I noticed my cukes were succumbing to some mildew or fungus, sprayed them thoroughly with neem... and then, five minutes later, it poured. Sigh.
Picked my first peach today! It smelled heavenly. I'll let it sit ont he counter a day or two to finish ripening, then post tasting notes! I have about forty more on the tree.
Alison asked me some questions... I'll share answers.
1) Are your rattlesnake beans the same as rattlesnake pole beans?
[mad :-] yes
I tried the rattlesnake pole beans with moderate success, but I wouldn't say they were anything spectacular. I noticed in the seed catalog that they had both with the pole and without. And how did they end up doing with the dry winters?
[mad :-] I only grow beans during the spring/summer. I wouldn’t try them in the winter. They need a fair amount of heat and a longish season. I guess if you put them in at the end of August, you might get a decent harvest.
2) How about that Okinawan spinach? Good summer green?
[mad :-] Very good, prolific, easy. Want some? Perennial.
And were you able to keep the malabar spinach through the winter?
[mad :-] Blech. Mucous.
Does it get bitter in the summer? If you have the malabar, is there any point in the okinawan too?
3) How did your strawberries do for the summer?
We'd like to start a strawberry patch this fall, but I really don't like the idea of replanting every year. Our chosen spot is against the east side of the house so it gets good morning sun, but is shaded from the afternoon sun. Would that get enough sun in the winter to bring a decent spring harvest I wonder though. I had 2 plants there doing very well, but planning to do more, I didn't have it fenced off. Some escaped chickens, after 3 tries, have finally killed them both. :-<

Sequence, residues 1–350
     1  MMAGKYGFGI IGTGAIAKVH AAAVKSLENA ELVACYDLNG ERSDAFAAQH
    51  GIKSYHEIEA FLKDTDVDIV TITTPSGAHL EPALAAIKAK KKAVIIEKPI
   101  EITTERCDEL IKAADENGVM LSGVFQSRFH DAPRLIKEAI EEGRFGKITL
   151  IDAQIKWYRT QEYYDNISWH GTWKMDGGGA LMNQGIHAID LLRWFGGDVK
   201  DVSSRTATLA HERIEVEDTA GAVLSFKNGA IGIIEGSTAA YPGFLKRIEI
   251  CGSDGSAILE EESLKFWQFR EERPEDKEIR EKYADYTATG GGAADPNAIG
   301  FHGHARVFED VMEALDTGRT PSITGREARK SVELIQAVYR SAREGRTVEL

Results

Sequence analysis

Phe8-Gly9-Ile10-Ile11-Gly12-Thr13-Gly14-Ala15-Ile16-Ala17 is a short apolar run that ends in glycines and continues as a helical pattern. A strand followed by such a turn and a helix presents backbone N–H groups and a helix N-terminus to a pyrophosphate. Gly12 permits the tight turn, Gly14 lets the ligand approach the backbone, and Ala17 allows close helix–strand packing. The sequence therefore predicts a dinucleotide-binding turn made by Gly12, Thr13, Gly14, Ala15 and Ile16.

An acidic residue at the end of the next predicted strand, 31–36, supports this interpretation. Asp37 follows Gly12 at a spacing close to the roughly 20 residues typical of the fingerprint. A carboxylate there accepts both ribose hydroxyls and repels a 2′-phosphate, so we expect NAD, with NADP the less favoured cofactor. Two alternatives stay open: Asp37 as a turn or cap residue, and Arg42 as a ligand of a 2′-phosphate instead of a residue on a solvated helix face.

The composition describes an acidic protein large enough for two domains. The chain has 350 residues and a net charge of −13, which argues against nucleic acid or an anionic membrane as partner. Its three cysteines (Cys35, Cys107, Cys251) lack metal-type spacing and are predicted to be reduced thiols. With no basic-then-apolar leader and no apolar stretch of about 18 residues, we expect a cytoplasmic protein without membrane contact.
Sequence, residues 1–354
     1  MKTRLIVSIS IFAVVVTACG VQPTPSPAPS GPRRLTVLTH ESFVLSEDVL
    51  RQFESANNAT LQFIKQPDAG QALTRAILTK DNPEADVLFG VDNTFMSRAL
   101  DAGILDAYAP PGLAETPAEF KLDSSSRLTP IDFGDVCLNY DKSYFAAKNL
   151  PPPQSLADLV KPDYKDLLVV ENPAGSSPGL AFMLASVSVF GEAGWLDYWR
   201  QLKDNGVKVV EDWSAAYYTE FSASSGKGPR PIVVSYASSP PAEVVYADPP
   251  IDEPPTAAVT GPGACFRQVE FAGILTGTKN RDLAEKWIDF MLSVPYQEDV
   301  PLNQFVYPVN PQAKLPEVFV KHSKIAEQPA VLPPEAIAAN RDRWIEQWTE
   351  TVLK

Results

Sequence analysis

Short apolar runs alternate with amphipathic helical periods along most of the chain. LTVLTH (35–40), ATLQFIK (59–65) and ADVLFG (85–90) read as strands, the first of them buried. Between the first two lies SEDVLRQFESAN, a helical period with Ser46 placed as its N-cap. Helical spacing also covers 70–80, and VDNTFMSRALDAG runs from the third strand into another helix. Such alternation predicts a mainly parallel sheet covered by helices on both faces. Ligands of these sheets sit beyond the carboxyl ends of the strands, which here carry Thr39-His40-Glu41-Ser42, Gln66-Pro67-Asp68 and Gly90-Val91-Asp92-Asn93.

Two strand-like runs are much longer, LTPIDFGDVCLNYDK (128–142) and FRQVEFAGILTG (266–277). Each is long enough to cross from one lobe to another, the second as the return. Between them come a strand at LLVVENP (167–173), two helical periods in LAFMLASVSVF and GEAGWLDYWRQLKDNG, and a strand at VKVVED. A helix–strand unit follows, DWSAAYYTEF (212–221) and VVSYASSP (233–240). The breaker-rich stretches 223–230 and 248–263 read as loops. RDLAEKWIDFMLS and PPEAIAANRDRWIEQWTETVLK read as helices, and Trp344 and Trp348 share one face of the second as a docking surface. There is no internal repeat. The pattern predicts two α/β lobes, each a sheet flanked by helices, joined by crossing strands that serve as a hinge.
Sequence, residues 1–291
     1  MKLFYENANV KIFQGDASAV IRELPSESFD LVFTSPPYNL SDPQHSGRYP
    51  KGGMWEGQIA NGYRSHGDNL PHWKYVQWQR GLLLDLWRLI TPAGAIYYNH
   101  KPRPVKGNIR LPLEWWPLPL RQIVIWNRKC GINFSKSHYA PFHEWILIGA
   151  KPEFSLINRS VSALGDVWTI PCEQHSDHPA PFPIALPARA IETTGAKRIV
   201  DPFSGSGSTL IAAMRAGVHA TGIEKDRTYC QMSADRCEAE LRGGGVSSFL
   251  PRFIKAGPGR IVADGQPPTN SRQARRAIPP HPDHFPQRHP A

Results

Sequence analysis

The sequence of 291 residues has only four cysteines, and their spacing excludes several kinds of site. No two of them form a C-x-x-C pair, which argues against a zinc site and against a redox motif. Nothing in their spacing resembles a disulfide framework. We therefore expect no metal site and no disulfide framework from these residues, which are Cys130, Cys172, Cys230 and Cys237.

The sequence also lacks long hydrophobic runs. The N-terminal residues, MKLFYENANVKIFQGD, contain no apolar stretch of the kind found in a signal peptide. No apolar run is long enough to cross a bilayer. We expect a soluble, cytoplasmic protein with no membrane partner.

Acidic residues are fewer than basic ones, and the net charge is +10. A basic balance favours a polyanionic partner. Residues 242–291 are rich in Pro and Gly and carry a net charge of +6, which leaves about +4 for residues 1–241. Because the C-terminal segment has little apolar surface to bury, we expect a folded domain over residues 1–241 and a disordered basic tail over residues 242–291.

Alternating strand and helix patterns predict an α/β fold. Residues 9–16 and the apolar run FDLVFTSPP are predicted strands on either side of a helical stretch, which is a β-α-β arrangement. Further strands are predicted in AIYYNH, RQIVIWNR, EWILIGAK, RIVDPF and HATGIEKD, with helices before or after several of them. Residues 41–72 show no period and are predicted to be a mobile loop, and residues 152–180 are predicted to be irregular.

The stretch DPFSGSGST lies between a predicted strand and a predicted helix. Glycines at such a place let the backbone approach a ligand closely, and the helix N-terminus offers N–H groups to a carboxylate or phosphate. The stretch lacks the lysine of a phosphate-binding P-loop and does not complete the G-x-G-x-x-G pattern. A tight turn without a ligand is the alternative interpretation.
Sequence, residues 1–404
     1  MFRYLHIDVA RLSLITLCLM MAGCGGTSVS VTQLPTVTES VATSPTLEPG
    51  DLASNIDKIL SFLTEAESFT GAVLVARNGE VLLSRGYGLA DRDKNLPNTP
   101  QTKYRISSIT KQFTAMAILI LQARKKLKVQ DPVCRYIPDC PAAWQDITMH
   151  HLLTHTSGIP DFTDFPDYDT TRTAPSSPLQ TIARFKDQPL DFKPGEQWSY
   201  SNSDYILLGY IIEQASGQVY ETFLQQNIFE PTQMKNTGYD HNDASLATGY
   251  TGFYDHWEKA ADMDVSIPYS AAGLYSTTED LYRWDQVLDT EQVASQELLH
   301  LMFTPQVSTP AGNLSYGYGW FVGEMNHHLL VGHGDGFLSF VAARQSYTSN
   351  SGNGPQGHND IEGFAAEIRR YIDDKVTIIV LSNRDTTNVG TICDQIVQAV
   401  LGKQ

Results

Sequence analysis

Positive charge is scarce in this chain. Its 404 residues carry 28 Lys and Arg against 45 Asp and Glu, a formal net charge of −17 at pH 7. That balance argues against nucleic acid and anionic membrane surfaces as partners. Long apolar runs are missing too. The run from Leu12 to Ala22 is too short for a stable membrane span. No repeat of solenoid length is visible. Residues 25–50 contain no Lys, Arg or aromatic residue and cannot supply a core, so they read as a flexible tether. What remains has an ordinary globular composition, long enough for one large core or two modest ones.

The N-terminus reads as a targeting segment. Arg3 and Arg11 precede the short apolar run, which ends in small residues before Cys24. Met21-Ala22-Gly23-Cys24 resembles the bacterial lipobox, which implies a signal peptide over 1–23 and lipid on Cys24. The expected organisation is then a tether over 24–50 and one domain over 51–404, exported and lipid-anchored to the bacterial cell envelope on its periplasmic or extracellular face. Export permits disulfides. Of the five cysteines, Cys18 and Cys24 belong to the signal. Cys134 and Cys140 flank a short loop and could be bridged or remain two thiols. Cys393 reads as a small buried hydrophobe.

[mad :-] [mad :-] Forget ‘em. Not worth the space. I planted FIFTY one year and still only produced a handful per day. There are much better uses for the space/water/fertilizer—persimmons, figs, citrus.
4) So your
[mad :-] Totally.
We planted some cowpeas in our pasture last summer, but if I didn't water them a few times a week, they quickly dried up.
[mad :-] Were the MS cowpeas? If not, you should try them…
5) What variety of collard greens do you prefer? Not a huge fan myself, but Randy loves them so I'm willing to give them a try. Just not year after year of attempting failed varieties!
[mad :-] Champion. You should try Lacinato (Dinosaur) Kale and chard. They’re prolific, too, and milder in taste.
6) We've tried bulb onions with no success. Same with beets and carrots. The carrots I think are mostly stumped by nematode problems. Beets and onions never bulb. Don't know why. Any suggestions? Just not going to do carrots and beets this year, but I hear about so many people doing onions that I would think I should be able to get them to work too.
[mad :-] Work PLENTY of organic junk into the soil, at least the top four inches should be straight-up compost. Beets are a PAIN in the ass, but tasty, nutritious and bountiful. I discovered that they can be transplanted, even quite large, and still produce. (This flies in the face of all advice I’ve read.) So, try to start the beets in cups in August, and plant them out when they’re growing well. Carrots do well for me, but they take a long time (couple of months at least). Make sure that the soil is very loose—dig down at least 6 inches. I really like Sweet Treat: http://www.burpee.com/product/vegetables/carrots/carrot+sweet+treat+hybrid+-+1+pkt.+(1500+seeds).do
Onions—you gotta make sure they’re granex. Then, give them a LONG time. I planted them Nov 15 and just harvested them a couple weeks ago. They need a fair amount of water, lots of sun, and lots of compost.
7) Is de Cicco your favorite broccoli variety?
[mad :-] Sure. They’re all similar. I noticed that the ones from seed produced better and longer than the ones from seedlings (Lowes).
How about for lettuce?